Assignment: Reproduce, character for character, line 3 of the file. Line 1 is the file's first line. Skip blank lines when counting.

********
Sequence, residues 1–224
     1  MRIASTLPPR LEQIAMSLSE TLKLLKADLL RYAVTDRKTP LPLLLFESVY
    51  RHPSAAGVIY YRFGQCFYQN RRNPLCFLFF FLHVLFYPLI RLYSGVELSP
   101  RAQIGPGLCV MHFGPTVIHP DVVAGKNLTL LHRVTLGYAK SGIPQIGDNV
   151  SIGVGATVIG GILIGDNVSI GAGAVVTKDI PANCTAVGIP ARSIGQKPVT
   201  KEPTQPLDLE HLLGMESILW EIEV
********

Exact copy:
    51  RHPSAAGVIY YRFGQCFYQN RRNPLCFLFF FLHVLFYPLI RLYSGVELSP